Jamaica's London appeal court dilemma
Jamaica is celebrating the 50th anniversary of independence from Britain next week. The government in Kingston is talking about becoming a republic and is also looking at ending a legal legacy of the British Empire.
Earlier this year the Jamaican prime minister pledged to make the country a republic.
Portia Simpson Miller, whose People's National Party (PNP) took power in a landslide election in December, said it was time "to sever the ties".
She trod carefully, saying: "I love the Queen. She's a beautiful lady."
However, she added in patois: "But I think time come."
Mrs Simpson Miller also promised to switch from the Judicial Committee of the Privy Council (JCPC) in London to the Caribbean Court of Justice (CCJ) as Jamaica's highest court of appeal.
She described it as time to "end judicial surveillance from London".
The JCPC is a legacy of the British Empire when men and women convicted in the colonies could appeal, as a last resort, to London.
In April, Trinidad & Tobago's Prime Minister, Kamla Persad-Bissessar, announced that country would be switching over to the CCJ as the country's highest court of appeal in criminal matters.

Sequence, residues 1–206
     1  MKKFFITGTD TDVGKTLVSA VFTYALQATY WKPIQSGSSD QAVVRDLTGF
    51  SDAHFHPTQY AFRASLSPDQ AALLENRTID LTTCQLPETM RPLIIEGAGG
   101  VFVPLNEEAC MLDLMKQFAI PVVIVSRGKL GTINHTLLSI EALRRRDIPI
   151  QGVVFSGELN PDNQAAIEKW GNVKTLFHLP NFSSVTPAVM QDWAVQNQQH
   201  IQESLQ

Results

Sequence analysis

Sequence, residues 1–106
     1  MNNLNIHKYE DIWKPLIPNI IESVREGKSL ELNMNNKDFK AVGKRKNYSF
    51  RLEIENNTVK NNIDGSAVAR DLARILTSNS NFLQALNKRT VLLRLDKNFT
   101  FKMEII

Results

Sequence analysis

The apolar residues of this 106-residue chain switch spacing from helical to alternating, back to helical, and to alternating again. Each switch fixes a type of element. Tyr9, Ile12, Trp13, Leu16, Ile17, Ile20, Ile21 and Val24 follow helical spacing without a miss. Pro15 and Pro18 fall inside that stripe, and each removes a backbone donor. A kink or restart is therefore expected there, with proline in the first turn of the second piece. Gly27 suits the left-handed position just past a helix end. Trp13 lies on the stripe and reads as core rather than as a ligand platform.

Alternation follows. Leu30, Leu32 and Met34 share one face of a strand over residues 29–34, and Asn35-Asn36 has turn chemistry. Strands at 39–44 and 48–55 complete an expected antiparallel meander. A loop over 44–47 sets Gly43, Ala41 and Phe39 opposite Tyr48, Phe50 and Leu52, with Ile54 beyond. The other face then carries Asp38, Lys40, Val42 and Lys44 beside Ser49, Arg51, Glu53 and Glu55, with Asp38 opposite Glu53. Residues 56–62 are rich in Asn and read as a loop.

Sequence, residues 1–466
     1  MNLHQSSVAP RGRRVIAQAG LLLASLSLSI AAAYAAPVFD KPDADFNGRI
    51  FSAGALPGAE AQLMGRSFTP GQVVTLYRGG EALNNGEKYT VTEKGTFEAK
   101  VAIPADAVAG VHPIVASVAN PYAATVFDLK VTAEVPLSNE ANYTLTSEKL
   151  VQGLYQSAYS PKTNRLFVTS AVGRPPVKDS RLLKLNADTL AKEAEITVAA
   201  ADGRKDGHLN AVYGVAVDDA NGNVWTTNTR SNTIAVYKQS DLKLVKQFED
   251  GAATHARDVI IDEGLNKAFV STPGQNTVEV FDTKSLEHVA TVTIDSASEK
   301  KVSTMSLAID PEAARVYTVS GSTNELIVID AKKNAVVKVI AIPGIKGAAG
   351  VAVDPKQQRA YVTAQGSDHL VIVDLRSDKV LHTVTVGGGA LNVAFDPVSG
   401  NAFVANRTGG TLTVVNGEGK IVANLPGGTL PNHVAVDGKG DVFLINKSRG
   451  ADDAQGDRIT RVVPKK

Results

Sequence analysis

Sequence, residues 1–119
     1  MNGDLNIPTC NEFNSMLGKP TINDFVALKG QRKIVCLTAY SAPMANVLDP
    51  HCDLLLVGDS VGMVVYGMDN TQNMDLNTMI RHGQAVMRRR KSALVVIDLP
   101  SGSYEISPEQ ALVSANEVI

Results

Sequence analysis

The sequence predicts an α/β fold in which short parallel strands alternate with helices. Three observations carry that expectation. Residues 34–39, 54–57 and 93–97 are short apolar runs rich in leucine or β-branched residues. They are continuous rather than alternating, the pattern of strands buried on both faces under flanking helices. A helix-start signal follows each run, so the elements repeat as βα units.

In 2002 I attended a hearing of the Privy Council's judicial committee, which discussed the fate of Michael Pringle, who was on Death Row in Jamaica after being convicted of murdering an American musician.
The CCJ came into existence in 2005 and is based in the Trinidadian capital, Port of Spain.
The bulk of its workload is civil disputes involving people from the 12 countries which are signatories.
Earlier this year it sat in Barbados - the first time it had sat outside of Trinidad - to hear the complaint of Jamaican tourist Shanique Myrie, who accused Barbadian border officials of assaulting her during a body search.
But only three nations - Barbados, Guyana and Belize - have so far replaced the JCPC with the CCJ as their final criminal court of appeal.